The Military Compensation Commission Interim Report 

7/16/2014 12:00 AM 


In addition to my recent testimony before Congress about the need to end sequestration now and about military personnel issues, both AUSA vice president Guy Swan and I have met with the congressionally-created Military Compensation and Retirement Modernization Commission.  The commission was mandated by the fiscal year 2013 National Defense Authorization Act to conduct an independent, comprehensive review of military compensation and benefit programs in order to make modernization recommendations to Congress and the administration.

General Swan and I expressed to the commission our belief that the current system has been successful; that contrary to reports, personnel costs have stayed steady at about 30% of the DoD budget for the last 30 years; that using compensation increases since 2001 as a rationale for reducing pay increases is a red herring because those increases were fixes for a pre-existing pay gap that is now closed; that health care costs are not eating the system alive because the Department of Defense has underspent on TRICARE by nearly $3 billion over the last three years; and that the current retirement system is not unfair because non-retirees do not expect the leave service with “401-k like” funds although all servicemembers can contribute to the Thrift Savings Plan, and the current system is designed to be robust to draw volunteers and keep the best of them for a full career.   Finally we strongly suggested that the fiscal pressure that created the commission could be quickly eased by ending sequestration now.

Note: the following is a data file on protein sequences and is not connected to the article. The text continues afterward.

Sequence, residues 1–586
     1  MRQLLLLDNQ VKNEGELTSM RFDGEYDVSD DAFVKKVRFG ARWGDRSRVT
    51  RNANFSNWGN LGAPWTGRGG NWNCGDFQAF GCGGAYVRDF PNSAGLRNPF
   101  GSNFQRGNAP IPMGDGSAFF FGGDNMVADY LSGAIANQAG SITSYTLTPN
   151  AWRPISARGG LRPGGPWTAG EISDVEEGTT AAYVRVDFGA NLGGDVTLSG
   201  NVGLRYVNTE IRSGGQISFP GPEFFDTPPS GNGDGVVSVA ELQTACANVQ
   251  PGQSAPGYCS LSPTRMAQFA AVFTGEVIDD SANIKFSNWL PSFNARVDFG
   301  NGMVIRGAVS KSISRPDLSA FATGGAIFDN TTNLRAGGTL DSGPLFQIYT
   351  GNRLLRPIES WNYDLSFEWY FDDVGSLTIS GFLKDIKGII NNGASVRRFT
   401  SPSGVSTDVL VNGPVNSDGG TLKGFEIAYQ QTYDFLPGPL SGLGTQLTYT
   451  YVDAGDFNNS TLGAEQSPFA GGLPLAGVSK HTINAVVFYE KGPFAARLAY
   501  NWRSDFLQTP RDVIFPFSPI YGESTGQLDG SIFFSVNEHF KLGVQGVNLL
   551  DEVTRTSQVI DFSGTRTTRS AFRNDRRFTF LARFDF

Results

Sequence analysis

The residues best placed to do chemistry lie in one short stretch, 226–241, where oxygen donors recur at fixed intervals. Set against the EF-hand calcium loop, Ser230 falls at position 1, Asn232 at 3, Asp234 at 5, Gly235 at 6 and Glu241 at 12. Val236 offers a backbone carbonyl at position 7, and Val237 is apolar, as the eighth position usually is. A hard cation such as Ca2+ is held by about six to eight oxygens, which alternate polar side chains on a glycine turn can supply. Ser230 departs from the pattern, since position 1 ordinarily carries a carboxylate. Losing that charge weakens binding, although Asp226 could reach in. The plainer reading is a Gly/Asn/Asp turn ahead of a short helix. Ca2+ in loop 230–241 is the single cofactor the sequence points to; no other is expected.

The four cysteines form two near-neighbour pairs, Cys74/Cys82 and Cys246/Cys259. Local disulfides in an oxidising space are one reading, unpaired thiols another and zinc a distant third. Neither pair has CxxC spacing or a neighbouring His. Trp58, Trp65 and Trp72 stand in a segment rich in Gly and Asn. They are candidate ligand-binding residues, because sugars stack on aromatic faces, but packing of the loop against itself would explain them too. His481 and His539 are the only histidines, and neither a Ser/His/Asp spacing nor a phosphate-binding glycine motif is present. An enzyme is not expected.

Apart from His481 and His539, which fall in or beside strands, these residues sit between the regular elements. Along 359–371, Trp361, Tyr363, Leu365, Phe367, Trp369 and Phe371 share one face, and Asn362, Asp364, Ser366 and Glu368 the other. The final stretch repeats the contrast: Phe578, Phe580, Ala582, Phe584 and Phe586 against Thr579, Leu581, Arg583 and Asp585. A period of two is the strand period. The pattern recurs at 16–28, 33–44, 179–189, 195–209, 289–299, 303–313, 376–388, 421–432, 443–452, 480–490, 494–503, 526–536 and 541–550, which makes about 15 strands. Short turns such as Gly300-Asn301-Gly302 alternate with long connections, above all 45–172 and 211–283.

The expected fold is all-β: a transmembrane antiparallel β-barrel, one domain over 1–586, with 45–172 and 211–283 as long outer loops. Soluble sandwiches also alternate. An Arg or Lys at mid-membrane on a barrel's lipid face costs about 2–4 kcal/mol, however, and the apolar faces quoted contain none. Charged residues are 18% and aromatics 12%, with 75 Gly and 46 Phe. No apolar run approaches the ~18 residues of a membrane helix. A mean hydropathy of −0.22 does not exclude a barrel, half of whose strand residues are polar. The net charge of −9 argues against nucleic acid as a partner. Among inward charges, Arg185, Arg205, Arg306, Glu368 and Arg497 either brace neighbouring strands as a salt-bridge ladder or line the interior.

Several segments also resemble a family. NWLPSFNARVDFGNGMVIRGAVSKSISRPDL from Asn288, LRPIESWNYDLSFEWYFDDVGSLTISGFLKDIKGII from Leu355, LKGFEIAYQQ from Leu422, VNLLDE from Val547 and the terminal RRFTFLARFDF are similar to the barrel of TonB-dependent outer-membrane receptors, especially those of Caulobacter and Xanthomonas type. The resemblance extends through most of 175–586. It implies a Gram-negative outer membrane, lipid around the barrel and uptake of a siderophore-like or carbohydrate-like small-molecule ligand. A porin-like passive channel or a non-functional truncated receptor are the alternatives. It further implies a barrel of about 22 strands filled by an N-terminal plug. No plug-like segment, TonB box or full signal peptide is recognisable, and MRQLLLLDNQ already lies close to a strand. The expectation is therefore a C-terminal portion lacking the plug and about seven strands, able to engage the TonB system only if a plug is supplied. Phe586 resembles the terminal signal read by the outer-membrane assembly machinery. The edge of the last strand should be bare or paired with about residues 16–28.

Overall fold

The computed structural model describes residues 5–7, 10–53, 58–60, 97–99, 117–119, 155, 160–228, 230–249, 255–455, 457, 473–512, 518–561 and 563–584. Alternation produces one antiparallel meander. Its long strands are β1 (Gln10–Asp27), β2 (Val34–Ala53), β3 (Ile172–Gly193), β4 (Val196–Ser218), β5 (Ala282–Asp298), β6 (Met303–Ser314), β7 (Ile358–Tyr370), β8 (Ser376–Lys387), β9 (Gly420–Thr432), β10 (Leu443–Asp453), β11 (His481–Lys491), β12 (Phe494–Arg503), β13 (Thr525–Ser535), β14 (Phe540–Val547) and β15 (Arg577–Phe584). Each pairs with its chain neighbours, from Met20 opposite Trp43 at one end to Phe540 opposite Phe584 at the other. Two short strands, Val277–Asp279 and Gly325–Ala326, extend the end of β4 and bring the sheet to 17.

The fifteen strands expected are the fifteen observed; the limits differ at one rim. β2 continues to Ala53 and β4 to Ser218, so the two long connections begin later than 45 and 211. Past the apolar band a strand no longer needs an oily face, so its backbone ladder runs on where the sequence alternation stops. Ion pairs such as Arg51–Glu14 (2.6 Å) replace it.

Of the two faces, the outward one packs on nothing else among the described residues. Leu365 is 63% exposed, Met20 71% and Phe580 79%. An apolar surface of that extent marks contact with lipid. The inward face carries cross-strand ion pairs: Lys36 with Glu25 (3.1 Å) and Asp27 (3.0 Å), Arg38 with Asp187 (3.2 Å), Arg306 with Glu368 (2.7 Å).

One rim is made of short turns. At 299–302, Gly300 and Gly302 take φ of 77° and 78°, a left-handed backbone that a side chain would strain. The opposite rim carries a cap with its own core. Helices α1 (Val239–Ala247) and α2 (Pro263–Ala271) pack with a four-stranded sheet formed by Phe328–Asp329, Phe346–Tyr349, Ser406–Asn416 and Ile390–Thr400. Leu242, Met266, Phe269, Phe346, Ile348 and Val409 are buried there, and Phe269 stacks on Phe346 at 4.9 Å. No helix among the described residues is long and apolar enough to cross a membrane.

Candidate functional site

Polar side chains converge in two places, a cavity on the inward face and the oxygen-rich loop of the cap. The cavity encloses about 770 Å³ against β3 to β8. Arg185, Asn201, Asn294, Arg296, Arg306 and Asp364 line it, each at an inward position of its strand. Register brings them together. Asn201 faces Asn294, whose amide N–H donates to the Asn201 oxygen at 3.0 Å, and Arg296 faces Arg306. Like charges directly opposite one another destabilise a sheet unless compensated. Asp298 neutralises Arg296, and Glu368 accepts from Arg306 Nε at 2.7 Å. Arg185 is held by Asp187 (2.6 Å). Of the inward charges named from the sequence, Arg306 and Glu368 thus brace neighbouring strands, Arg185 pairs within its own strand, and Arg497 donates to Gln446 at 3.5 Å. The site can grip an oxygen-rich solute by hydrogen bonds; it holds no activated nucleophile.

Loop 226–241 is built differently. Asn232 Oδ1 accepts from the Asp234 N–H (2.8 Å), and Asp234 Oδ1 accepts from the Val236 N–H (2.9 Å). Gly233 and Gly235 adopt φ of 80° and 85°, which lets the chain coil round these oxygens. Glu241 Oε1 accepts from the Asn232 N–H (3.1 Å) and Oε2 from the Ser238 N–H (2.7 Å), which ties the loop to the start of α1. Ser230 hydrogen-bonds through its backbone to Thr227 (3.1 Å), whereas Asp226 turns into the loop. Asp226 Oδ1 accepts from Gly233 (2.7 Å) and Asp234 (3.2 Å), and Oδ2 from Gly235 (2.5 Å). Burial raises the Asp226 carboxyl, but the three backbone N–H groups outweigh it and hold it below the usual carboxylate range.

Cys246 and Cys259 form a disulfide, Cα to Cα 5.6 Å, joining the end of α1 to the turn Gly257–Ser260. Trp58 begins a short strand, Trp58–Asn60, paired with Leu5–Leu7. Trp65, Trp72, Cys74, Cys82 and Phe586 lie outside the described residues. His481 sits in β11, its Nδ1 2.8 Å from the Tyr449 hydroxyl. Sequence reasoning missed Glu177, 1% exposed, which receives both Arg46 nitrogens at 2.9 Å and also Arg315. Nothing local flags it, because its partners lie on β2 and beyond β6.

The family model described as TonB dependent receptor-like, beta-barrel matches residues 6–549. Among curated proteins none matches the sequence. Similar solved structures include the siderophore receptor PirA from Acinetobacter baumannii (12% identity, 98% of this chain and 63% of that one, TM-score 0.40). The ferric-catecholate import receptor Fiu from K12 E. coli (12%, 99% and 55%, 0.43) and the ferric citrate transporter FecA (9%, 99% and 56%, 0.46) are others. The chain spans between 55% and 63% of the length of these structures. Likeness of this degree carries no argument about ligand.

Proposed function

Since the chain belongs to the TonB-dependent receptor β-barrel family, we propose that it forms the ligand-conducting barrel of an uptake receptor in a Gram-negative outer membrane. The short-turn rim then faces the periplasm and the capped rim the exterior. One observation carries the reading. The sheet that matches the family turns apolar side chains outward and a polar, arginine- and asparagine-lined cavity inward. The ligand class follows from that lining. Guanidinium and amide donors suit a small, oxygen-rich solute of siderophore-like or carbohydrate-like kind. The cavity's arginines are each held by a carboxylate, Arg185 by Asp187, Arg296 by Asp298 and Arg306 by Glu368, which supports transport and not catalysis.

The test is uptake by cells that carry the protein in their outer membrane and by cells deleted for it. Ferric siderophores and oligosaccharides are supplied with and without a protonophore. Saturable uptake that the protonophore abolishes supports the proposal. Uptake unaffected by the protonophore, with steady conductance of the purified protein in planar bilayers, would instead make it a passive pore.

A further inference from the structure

The commission’s report is due early in 2015, however, recently the chairman has issued an interim report that is instructive.  If nothing else, it is a valuable reference document as it details virtually every benefit and compensation program available to military members and their families.  The report describes almost 100 compensation benefits, more than 40 health benefit programs and more than 200 programs and benefits administered by  eight separate federal agencies in support of military, veteran, retiree, and family member quality of life.  You can read the report here. 

The commission in its interim report agreed with us that military compensation has stayed steady at about 30% of the defense budget and that a broader discussion of federal spending levels is a necessary element to ensure the viability  of the All-Volunteer force.  The report further stated that the commission’s work reinforced its understanding that “our people are the strength of our uniformed services”.

As the commission continues its study of pays and retirement, health benefits and quality of life benefits, AUSA and its Military Coalition partners will continue to provide input to allow the commission to make informed recommendations.